Chris actually showed up. He drove up in his car, popped the trunk where he had a toolbox and a creeper (a board with casters for rolling around under things on your back). I hung out with him while he worked because I like to learn new things and I wanted to understand what was under The Ranch and what he would be doing to fix my leak. He cut into the underbelly insulating cover and peeled it back.  He discovered that one of the greywater tanks was completely full and, instead of backing up into the kitchen sink like it was supposed to when it was full, it was overflowing underneath.

That was actually good news. I was happy it wasn’t anything that needed to be replaced. It did raise a question, though. How did that tank get so full? I had emptied the grey water tank. It turns out there was a valve to open this tank located away from the other valves for the black water tanks and the other grey water tank. I hadn’t seen it. We opened that valve and the water drained out. The system shouldn’t work like that but it’s something I can manage now that I know. So Chris left to call the dealer with the report and get paid and I was happy with the result.

So What? – The Flexibility of Stories

As I was thinking about telling this story, I realized it could be told with a different emphasis to make the story about one thing or another. That’s really true about any story, isn’t it? This could have been about how the dealer kept his word. It could have been about the action I took to help get my problem corrected. I could have made it more about the colorful character that is Chris. Or, it could have been about systems in a 5th wheel. That’s one of the great things about stories. They can be true while remaining flexible to make different points.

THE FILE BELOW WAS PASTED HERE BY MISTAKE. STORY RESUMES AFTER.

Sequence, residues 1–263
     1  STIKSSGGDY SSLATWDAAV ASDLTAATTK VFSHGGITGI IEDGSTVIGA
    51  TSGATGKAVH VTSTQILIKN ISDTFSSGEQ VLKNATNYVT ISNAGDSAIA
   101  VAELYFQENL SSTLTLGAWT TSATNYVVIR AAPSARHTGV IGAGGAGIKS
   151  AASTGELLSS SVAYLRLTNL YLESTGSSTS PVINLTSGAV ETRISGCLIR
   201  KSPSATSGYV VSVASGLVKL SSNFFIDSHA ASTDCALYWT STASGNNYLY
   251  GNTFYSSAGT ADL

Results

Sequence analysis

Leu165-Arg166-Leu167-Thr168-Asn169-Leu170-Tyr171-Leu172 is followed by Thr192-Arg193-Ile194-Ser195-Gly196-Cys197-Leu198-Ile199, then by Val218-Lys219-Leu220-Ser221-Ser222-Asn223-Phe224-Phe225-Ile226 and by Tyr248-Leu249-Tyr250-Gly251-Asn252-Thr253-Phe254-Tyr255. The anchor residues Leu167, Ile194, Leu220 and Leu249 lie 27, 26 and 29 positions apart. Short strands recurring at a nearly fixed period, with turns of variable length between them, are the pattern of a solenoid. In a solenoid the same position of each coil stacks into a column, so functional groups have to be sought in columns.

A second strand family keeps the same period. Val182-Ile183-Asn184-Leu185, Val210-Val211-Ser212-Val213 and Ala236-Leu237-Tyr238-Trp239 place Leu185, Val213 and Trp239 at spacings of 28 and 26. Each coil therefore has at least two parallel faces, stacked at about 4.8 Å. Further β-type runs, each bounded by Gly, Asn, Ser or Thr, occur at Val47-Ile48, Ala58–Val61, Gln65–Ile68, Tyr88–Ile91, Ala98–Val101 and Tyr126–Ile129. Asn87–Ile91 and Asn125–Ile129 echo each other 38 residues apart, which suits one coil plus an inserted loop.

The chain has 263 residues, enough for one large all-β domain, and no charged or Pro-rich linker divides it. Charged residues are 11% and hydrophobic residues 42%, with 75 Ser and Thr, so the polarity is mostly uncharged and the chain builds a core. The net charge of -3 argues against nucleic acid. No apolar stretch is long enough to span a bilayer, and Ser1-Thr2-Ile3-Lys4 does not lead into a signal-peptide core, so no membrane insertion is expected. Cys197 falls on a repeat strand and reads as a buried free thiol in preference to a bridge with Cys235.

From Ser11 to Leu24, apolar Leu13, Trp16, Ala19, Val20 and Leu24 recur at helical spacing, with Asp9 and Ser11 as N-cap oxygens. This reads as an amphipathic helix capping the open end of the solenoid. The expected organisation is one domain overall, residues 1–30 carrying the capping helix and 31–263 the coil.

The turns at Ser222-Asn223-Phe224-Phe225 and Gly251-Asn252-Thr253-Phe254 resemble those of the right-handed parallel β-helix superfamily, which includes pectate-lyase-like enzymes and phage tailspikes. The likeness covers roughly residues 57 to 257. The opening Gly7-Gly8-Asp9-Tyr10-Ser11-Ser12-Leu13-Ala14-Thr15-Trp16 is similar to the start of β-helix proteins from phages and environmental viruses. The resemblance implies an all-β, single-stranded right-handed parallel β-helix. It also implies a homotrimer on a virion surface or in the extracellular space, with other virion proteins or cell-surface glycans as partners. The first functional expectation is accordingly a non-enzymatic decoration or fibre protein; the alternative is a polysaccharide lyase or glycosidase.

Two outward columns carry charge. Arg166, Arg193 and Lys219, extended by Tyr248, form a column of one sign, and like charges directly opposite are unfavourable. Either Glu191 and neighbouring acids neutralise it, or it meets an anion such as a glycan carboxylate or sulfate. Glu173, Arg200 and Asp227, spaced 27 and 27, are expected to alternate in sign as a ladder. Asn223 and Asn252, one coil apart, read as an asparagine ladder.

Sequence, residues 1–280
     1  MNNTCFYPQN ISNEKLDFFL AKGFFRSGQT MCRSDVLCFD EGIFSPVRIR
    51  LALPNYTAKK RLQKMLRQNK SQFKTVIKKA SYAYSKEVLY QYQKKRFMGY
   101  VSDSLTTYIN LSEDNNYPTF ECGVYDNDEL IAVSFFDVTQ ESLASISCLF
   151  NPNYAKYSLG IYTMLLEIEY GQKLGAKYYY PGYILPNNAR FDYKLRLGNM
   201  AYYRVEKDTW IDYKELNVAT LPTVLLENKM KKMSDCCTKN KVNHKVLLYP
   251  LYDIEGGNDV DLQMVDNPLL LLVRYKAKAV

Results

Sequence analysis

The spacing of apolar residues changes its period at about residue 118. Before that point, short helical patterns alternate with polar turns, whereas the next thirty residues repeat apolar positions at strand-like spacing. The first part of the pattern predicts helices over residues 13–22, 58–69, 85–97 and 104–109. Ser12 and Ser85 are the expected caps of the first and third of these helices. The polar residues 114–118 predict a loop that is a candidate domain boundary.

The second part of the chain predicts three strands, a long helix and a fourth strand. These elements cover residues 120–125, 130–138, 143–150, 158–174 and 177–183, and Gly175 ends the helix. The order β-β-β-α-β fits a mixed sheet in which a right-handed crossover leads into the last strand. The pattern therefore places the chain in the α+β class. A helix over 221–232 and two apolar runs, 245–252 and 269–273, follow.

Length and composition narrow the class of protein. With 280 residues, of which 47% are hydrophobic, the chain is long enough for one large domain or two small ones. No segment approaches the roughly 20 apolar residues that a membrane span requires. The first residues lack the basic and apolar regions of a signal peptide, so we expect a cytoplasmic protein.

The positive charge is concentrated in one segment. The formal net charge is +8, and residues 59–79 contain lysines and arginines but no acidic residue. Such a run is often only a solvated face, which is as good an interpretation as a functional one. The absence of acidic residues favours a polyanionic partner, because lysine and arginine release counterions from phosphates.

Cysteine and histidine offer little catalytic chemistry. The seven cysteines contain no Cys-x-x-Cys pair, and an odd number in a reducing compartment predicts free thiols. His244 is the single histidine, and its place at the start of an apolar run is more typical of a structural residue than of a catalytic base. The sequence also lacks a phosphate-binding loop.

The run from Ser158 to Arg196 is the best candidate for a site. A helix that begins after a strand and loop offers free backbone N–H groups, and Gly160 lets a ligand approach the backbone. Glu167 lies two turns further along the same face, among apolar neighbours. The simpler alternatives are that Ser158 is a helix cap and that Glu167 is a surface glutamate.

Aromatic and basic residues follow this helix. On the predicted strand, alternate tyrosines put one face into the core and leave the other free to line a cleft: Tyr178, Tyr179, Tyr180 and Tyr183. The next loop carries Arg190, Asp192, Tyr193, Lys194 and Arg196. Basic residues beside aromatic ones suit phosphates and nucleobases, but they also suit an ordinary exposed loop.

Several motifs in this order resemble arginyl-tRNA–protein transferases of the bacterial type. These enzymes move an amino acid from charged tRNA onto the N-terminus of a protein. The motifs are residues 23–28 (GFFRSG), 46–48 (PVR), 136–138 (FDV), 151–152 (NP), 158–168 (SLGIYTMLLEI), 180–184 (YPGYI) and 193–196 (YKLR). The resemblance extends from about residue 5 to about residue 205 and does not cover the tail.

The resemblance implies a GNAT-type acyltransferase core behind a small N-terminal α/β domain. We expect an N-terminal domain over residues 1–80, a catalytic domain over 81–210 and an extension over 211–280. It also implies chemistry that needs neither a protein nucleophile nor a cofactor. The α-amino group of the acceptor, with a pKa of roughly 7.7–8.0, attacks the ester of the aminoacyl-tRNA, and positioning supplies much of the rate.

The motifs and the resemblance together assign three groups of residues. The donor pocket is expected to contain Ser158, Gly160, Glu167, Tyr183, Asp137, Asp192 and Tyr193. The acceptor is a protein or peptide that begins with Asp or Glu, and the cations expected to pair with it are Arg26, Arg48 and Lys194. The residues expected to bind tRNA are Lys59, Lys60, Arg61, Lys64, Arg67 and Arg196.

An Indescribable Gift

This is the season of gift-giving. In fact, I’m posting this during Christmas week. This year, 2020, has been the most unusual year in my lifetime. With all that has been happening, it seems we need the hope Christmas brings more than ever. Last year I had the privilege of speaking at Grace Community Church in Lathrop, CA during the Christmas season. What I’ve included below is an expanded outline of a message I shared about God’s indescribable gift to us. A full transcript would make for too long a post, so I hope this will get the points across. Merry Christmas!

INTRODUCTION

Have you ever received a gift that left you speechless? It was so extravagant, or so unexpected, so beautiful, so personal … you couldn’t find the words to speak.

That’s how we’ve felt each time we met one of our children for the first time.

That’s how I felt when Suzi said, “Yes” that night on December 7, 1979, under the lightly falling snow on the corner of Dearborn and Chestnut Streets in Chicago when I asked her to marry me.

Paul had that reaction in 2CO 9:15. He is talking about financial assistance to those in need. That leads him to talk about how God supplies, and he ends with the exclamation “Thanks be to God for his indescribable gift”. The gift he’s talking about is called in another translation “unspeakable.” It’s unutterable, it’s inexpressible, it’s incomprehensible, it’s extraordinary because it’s paradoxical. Let me show you what I mean. Four Paradoxes of God’s Indescribable Gift …

This gift is given to everyone but only a few receive it

  1. It has been delivered to every front door – in fact, it’s said to be knocking at the door, but people don’t receive it
    1. Reject it – “Return to sender” because they don’t trust the giver
    2. Don’t know about it – someone needs to tell them what that knocking is at the front door.